Still, this is a weakness that West Ham should target again. Atubolu was at fault for Nayef Aguerd’s winner at the Europa-Park Stadion in October as he came to collect a James Ward-Prowse corner but was comfortably beaten to it by the centre-back. The keeper could also have done better to stop Lucas Paqueta’s first-half header, which had a PSxG figure of 0.17 – a 17% chance of going in.

Nayef Aguerd

Looking more broadly at those two group stage fixtures against Freiburg, we can see that Streich’s 4-4-2 created problems for his own team at times as their willingness to adopt a high first line of engagement with the front two caused decompaction, with the backline not showing the necessary aggression to step up and support. This often played into West Ham’s hands, as David Moyes’ centre-backs could drop deep to counteract the speed of any pressure whilst simultaneously opening gaps between Freiburg’s frontline and midfield to play through.

Then, in deeper areas, we saw a lack of engagement to pressure from Freiburg’s front two whilst intense man-to-man pressure was attempted from defenders and midfielders. With Moyes’ side enacting constant fluid rotations between players like Lucas Paquetá, Jarrod Bowen, Mohammed Kudus, Emerson Palmieri and Vladimír Coufal, this caused huge problems for Streich’s side as players were constantly pulled out of shape whilst excellent progressive distributors Nayef Aguerd, Edson Álvarez, and Konstantinos Mavropanos were left unpressured and able to pick out the right options at the right times.

We saw this in action for West Ham’s first goal at the London Stadium in December as Emerson and Paquetá rotated, forcing Freiburg’s right side of Ritsu Doan and Kilian Sildillia to swap positions, prompting Bowen to drop off, drawing left-centre-back Manuel Gulde a few steps out and enabling Kudus to dart in behind and get on the end of a lovely chipped ball over the top of the defence from Álvarez. A simple goal with too little pressure on the ball and too big a focus on man-oriented defending behind that.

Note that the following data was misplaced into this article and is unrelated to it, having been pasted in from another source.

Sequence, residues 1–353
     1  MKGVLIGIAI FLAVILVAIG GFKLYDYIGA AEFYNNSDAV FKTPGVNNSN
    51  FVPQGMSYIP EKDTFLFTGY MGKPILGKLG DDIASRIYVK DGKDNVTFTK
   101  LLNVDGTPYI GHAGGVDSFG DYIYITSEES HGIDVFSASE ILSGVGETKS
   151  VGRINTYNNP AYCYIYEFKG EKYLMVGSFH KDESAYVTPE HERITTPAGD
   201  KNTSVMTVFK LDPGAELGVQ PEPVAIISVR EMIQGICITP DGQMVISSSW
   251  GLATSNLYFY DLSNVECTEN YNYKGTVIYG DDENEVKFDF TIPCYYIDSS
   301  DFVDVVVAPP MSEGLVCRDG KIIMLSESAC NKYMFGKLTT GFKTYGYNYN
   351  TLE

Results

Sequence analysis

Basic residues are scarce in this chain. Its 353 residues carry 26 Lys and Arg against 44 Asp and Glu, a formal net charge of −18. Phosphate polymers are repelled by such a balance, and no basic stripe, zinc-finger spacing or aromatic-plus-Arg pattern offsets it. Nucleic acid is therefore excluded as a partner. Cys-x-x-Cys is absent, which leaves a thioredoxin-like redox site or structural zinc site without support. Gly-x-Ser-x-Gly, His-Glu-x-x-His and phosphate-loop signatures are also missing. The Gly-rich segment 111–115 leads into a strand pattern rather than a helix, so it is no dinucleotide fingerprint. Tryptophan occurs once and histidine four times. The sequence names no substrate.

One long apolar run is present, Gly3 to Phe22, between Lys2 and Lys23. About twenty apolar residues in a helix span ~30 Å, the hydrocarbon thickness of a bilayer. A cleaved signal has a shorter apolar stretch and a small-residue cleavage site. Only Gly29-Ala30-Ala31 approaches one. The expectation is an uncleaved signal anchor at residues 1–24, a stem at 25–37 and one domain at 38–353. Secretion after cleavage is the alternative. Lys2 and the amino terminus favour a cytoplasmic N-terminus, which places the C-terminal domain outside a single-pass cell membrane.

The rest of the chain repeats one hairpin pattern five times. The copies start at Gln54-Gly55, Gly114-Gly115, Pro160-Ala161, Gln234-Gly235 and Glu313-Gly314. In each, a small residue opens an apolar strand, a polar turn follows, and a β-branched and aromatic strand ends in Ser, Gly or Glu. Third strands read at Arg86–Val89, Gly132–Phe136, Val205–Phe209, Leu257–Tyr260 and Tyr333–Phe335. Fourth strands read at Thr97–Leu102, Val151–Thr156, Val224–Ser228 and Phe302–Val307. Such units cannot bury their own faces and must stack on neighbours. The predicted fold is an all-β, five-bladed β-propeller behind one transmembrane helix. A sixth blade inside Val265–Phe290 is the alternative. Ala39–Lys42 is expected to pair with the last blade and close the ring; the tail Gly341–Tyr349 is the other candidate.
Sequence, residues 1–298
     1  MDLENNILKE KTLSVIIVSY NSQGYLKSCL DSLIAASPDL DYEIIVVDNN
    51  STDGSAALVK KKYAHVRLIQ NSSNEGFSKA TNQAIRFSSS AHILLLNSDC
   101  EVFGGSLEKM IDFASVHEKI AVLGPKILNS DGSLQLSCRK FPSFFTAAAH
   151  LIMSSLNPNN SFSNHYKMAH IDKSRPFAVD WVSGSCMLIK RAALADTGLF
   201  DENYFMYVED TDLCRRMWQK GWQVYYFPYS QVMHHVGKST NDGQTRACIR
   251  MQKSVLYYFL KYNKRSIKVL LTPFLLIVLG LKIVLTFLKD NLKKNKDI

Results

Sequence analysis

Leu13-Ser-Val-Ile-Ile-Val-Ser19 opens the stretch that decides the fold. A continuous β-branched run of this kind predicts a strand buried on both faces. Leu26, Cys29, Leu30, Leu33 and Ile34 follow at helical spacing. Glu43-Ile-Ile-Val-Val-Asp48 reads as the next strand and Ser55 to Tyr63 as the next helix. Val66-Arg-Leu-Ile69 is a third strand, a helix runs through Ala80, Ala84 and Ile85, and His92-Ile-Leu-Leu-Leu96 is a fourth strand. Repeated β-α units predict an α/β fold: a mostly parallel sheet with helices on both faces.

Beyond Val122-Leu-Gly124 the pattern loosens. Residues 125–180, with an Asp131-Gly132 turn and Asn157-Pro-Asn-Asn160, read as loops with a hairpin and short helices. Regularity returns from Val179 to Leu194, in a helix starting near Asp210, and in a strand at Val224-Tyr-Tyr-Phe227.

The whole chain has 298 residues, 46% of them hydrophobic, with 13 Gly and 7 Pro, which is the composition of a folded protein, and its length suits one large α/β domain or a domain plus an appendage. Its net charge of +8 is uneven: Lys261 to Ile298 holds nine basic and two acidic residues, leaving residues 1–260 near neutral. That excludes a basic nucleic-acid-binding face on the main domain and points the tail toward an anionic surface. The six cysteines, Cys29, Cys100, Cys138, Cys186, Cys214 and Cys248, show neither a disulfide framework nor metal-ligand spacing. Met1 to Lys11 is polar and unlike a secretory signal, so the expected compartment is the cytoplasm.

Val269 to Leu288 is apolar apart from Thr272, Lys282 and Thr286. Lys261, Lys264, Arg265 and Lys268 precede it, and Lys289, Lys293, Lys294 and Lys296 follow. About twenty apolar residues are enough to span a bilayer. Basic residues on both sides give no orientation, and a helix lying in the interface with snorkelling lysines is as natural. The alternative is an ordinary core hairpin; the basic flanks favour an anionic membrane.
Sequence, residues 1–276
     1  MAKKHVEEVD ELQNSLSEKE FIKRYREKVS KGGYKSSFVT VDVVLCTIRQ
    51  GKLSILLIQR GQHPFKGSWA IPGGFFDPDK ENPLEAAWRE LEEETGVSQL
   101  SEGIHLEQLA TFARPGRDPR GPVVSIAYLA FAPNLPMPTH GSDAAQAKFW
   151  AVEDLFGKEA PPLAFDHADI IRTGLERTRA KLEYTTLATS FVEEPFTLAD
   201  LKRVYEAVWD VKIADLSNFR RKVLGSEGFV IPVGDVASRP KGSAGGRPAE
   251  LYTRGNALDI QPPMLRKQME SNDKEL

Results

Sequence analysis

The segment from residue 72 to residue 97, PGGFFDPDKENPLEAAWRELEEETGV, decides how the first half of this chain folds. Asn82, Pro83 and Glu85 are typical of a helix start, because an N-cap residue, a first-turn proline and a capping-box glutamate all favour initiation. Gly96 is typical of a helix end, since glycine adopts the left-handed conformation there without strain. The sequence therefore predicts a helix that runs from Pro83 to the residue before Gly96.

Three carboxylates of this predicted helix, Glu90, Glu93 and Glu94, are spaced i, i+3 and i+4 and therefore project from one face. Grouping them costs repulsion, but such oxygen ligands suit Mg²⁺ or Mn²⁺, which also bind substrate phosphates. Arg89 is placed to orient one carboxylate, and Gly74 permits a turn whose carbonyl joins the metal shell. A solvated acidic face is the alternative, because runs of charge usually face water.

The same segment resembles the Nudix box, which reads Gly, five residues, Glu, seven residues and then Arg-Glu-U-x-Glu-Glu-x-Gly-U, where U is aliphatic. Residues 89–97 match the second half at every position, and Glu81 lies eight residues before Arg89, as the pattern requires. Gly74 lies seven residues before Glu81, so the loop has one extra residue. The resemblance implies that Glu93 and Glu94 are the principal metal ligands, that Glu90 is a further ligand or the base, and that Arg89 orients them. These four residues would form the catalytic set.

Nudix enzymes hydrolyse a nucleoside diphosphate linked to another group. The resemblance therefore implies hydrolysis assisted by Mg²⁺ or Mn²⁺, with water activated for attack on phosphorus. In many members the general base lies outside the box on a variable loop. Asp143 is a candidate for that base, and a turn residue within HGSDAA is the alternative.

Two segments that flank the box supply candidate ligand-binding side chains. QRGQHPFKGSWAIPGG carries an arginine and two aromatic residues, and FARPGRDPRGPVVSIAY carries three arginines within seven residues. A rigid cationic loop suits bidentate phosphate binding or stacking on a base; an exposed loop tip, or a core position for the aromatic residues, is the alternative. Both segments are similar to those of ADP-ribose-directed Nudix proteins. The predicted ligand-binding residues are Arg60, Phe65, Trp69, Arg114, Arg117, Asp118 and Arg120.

Similar problems then occurred for the second goal as Doan and Maximilian Eggestein followed their responsibilities to close down Paquetá and Ward-Prowse, but with no-one set to stick with Álvarez, who was expected to stay deep and close to the centre-backs. A quick rotation between the three (Paquetá, Ward-Prowse, and Álvarez) allowed the Mexican to drift in between the lines unmarked, receive from Paquetá, and play a quick one-two with Bowen to go through 1v1 and score.

It’s clear that this man-oriented approach was not able to cope with the positional fluidity of Moyes’ side in attack and it will be interesting to see how Streich might adjust to help his side defend their lead without dropping too deep and ceding too much space. West Ham can go into this match with confidence as Freiburg have had problems in goal at times this season, an area that can be targeted from set-pieces and crosses, have conceded the most counter-attack goals in the Bundesliga (8), and have shown an out-of-possession inflexibility that can be exploited by contrasting positional fluidity. Hopefully Moyes’ team can put those things together to overturn Freiburg’s lead and progress to the quarter-finals.


*The views and opinions expressed in this article are those of Analytics United and do not necessarily reflect the views and opinions of West Ham United.